Politicians to get an earful for Workers Memorial Day
This year’s Workers Memorial Day, April 28, will be a little different. In addition to speeches and candlelit ceremonies, processions and pancake breakfasts, there’ll be activism – motivated by what advocates say is the Trump administration’s attacks on workplace safety.
Workers’ Memorial Day is a worldwide remembrance to honor workers who have died on the job.
Through a campaign called, “Protecting Workers’ Lives and Limbs,” activists will visit Congressional offices in ten states in the weeks leading up to Workers Memorial Day, to push for better safety practices in U.S. workplaces.
“Communicating now to elected officials is urgent, given already-implemented federal cuts to workplace health and safety,” said Charlene Obernauer, Executive Director of the New York Committee for Occupational Safety and Health (NYCOSH), the group coordinating the Protecting Workers’ Lives and Limbs campaign.
“Recent Congressional actions have put workers at risk by taking steps to eliminate sanctions against federal contractors who violate safety laws and reverse longstanding recordkeeping rules.” (Congress last week struck down the so-called “Volks rule” portion of OSHA’s recordkeeping regulation, reducing the length of time that employers in high hazard industries must keep injury records from five years to six months.)
Obernauer also pointed to deregulation and Trump’s federal hiring freeze as evidence that “the safety and health of the American workforce is being attacked at multiple angles.”
At present, OSHA has approximately 2,000 inspectors to cover more than 7 million worksites. Additionally, the fines the agency is allowed to use to deter violators are smaller than those used by the EPA to punish polluters, and are frequently negotiated downward.
Just what those inspectors are and will be doing going forward is unclear; since inauguration day, Jan. 20, OSHA has stopped releasing information on what if any, enforcement activities it is conducting. Additionally, the status of standards like those limiting beryllium and silica exposures is in doubt. The beryllium standard’s effective date has been delayed to May 20, 2017, so that OSHA has “an opportunity for further review and consideration of the rule” – according to the agency, while labor secretary nominee Alexander Acosta refused to commit to enforcing the silica rule during recent Senate hearings.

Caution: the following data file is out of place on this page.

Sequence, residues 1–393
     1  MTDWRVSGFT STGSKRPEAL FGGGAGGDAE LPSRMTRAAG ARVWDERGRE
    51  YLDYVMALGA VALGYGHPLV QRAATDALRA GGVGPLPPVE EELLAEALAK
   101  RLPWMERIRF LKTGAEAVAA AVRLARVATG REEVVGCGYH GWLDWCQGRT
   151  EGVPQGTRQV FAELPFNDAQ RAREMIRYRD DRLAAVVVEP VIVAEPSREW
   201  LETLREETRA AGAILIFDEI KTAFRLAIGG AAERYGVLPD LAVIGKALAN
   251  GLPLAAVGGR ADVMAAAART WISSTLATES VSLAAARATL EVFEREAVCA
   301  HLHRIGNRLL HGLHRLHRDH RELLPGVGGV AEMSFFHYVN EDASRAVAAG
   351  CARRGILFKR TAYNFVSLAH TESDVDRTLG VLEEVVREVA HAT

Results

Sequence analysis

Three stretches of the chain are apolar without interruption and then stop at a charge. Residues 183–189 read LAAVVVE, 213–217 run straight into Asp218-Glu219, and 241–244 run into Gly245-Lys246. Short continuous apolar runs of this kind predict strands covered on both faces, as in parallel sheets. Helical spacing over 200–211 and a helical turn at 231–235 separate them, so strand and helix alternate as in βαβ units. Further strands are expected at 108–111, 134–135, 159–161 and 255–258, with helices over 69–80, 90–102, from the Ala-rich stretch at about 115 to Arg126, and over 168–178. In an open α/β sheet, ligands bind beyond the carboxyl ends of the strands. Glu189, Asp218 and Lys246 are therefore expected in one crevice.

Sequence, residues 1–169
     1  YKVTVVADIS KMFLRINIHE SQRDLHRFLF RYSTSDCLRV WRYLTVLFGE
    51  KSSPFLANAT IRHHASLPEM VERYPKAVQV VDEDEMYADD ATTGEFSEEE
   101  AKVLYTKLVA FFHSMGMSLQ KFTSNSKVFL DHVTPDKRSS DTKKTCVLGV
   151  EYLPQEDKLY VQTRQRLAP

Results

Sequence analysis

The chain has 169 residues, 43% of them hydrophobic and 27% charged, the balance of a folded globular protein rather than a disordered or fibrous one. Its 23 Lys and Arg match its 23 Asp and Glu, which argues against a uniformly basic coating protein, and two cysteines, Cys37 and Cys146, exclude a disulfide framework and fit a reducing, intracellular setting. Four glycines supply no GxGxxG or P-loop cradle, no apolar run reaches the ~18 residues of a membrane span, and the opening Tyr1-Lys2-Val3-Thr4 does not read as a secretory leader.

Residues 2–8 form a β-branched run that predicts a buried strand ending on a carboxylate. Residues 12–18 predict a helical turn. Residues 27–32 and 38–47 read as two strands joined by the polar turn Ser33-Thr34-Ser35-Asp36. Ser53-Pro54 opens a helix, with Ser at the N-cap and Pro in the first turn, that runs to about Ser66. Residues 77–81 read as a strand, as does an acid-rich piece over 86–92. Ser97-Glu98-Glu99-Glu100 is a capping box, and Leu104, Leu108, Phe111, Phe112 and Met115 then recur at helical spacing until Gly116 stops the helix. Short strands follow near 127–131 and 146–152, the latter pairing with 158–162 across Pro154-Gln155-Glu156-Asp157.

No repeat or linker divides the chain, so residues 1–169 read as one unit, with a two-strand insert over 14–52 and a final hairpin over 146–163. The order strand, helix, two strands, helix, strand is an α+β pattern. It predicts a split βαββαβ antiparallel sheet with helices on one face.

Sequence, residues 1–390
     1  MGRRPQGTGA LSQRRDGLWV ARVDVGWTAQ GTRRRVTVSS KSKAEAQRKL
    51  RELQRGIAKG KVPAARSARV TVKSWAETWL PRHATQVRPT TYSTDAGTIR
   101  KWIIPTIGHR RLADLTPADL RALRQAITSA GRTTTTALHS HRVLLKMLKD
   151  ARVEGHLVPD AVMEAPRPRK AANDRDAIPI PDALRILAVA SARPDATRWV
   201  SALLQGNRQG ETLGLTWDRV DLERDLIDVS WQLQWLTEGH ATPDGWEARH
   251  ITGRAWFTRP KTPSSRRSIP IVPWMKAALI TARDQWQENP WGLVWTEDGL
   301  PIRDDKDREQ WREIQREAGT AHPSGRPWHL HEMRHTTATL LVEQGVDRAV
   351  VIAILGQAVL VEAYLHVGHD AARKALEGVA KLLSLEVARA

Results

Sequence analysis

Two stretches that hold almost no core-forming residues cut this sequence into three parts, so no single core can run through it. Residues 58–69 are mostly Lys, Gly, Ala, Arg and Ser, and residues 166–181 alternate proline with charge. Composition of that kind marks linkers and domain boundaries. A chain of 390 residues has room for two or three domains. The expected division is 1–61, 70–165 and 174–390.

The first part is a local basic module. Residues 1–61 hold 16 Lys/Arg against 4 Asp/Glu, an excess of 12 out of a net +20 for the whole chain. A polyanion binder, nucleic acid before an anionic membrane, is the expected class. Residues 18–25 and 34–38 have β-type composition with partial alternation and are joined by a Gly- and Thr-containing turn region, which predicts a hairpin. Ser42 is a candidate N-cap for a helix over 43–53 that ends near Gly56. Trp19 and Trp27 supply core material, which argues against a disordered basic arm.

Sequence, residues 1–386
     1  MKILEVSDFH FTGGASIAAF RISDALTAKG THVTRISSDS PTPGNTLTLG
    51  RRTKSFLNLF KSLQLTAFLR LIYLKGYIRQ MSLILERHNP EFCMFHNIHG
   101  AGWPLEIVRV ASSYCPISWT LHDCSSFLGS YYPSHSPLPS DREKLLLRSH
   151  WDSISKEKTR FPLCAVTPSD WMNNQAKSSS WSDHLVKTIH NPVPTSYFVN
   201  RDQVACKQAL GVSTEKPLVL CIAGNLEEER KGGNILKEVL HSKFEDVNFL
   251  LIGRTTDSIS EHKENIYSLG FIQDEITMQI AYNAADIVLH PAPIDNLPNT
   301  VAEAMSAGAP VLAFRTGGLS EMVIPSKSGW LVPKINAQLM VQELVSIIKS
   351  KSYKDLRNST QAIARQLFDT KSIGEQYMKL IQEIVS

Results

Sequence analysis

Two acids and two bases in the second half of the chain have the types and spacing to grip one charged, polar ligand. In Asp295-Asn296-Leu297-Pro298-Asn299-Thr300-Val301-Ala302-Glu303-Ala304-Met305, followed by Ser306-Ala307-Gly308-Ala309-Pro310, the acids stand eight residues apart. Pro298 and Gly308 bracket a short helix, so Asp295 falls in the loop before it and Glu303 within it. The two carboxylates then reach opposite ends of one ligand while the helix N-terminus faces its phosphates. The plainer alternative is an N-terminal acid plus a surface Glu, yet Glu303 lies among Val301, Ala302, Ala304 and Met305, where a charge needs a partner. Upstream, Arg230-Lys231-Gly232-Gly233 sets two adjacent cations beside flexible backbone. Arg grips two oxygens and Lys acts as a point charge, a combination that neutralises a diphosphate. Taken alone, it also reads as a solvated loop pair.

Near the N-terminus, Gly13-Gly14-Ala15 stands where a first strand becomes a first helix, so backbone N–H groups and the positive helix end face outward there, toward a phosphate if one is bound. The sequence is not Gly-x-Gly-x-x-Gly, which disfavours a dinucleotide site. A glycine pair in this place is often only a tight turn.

The 92 organizations endorsing “Protecting Workers’ Lives and Limbs” represent workers, unions, environmentalists and civic groups.
Key elements of the platform include: ensuring health and safety protections for all workers, reducing and working to eliminate the use of toxic chemicals, ensuring injured workers access to quality medical care, accurate counting of all occupational injuries and illnesses, and measures to adapt to–and reduce–further climate change.
According to the Bureau of Labor Statistics, (BLS), 236 workers died on the job from occupational fatalities in New York in 2015. Nationwide, the death toll from occupational fatalities is more than 4,500 workers every year, and an estimated 95,000 U.S. workers die from long-term occupational illnesses. Millions more are injured after exposure to preventable safety hazards. The cost to U.S. employers for workers’ compensation alone was $91.8 billion in 2014, representing a fraction of the total cost of workplace deaths injuries and illnesses.
OSHA usually provides information on Workers’ Memorial Day activities across the nation but currently – one month out from the annual event – that web page only has “Please check back for updates” on it.